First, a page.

January 22, 2015, Cairo – The American University in Cairo (AUC) launched a new archaeology program to Students in Egypt, Abroad. Beginning this month, archaeology students from around the world will have the chance to conduct field work in Giza for six weeks as part of a joint program between the Egyptology Unit of AUC’s Department of Sociology, Anthropology, Psychology and Egyptology and the Ancient Egypt Research Associates (AERA).“This program gives archaeology students a wonderful opportunity to work in the shadow of the pyramids with world-renowned archaeologists and get hands-on experience with Old Kingdom material,” said Salima Ikram, professor of Egyptology at AUC. “Participants will learn the ins and outs of excavation, from actually digging to analyses, including learning about specialized fields such as archaeozoology and archaeobotany.”
The program is open to upper-level undergraduate and graduate students from universities in Egypt and abroad. Because it is field-based, participants will learn systematic techniques for excavation and recording and analyzing found materials.
“This is a unique, intensive program, and we are hoping to increase the number of participants in coming years,” Ikram affirmed.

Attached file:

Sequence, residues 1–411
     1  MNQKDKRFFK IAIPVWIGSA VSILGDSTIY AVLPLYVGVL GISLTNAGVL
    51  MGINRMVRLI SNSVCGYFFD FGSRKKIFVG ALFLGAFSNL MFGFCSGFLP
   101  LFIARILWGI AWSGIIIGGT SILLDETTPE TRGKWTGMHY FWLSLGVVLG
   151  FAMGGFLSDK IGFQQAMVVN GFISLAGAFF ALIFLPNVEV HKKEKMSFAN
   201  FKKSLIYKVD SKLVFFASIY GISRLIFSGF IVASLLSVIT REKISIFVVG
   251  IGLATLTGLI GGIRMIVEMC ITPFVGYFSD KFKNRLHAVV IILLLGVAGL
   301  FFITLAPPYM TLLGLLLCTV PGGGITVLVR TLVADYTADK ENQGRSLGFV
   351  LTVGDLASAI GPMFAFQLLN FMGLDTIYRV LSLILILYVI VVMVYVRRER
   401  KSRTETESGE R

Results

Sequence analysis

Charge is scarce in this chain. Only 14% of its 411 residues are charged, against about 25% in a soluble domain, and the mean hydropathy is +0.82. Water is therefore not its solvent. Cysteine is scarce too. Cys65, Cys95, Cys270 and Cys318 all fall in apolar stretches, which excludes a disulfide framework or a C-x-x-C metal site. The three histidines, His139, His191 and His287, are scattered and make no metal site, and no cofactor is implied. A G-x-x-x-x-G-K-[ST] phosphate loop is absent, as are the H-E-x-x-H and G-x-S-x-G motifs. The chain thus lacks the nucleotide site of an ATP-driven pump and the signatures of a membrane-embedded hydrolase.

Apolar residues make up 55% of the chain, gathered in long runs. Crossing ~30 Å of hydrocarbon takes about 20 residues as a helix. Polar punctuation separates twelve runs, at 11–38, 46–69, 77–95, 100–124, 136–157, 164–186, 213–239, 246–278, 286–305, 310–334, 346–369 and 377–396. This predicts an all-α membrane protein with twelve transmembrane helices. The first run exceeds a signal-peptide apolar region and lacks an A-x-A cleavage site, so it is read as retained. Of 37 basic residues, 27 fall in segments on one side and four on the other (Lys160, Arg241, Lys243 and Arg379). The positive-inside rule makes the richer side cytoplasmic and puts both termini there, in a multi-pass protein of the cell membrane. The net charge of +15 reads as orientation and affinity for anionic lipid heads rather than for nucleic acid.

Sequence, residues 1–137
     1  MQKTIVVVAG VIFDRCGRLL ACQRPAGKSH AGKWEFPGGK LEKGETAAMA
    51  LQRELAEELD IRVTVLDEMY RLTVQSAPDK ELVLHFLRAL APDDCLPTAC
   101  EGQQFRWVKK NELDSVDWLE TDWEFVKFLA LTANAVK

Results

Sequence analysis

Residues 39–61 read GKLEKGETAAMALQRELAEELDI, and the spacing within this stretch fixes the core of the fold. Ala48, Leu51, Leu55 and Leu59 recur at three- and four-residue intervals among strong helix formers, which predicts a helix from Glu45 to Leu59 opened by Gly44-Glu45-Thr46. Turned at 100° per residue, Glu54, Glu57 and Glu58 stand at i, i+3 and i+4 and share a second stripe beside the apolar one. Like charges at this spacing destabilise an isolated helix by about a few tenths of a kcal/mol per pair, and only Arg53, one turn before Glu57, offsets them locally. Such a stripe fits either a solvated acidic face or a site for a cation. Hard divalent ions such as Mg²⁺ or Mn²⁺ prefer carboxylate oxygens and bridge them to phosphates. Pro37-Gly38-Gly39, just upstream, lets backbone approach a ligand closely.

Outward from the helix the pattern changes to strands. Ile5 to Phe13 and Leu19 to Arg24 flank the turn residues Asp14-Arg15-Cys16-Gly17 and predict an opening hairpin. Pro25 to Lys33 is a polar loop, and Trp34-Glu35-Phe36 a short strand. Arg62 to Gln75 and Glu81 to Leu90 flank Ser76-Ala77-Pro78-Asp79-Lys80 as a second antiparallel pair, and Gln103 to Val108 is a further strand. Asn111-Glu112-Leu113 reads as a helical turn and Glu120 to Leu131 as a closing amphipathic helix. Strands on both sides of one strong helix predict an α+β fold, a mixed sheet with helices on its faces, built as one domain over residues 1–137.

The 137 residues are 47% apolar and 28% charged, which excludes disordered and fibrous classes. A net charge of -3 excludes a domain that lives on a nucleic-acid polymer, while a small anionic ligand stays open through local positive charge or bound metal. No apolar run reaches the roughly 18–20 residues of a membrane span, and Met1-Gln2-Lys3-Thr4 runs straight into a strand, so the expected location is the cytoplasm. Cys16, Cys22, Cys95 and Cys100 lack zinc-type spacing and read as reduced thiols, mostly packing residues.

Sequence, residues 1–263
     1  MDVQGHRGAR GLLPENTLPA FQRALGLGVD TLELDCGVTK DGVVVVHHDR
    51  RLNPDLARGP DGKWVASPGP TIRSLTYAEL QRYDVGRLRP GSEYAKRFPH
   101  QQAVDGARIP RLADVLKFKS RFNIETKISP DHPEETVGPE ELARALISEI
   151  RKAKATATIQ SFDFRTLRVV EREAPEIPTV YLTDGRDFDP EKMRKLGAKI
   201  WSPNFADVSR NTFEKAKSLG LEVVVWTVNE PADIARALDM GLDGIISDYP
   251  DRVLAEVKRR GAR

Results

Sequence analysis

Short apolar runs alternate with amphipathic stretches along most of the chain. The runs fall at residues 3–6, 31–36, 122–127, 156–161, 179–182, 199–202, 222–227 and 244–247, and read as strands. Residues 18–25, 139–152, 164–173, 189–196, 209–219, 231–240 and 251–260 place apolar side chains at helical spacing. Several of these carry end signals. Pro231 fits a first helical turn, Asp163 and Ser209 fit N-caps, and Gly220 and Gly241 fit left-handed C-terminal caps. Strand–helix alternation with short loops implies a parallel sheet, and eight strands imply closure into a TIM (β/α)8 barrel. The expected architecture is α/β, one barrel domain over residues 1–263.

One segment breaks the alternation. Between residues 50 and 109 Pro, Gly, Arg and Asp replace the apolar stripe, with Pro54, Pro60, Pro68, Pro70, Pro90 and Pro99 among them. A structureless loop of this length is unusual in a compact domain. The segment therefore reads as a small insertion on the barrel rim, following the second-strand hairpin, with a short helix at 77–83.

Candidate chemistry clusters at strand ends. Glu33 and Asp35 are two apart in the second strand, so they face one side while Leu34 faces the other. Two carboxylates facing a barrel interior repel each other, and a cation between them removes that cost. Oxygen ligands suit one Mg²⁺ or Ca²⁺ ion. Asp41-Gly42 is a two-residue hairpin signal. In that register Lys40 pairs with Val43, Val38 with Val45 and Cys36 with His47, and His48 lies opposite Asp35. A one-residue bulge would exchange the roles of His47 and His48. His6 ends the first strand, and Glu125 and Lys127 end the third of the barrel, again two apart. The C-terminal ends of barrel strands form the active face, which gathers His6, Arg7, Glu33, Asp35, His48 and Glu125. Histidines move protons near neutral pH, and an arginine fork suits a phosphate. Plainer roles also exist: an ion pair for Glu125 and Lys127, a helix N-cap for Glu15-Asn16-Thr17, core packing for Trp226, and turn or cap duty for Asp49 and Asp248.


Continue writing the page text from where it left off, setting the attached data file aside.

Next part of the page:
AUC launched its Egyptology/Coptology master’s program in September 2011. Designed to expose students to different aspects of ancient history, the program provides unique context and hands-on experience for students who aspire to careers in early Egyptian art, archaeology, history and philology.
Candidates for the master’s program choose from three tracks: Egyptology with a concentration in art, archeology and history, Egyptology with a concentration in language study, and written documentation relating to religion, sciences, literature or economics; and Coptology, the study of ancient Egypt’s native Christian society, particularly during the early history of Christianity and its interaction with, and legacy to the world in late Antiquity and early medieval ages. The program follows international guidelines for similar degrees at accredited institutions in the United States.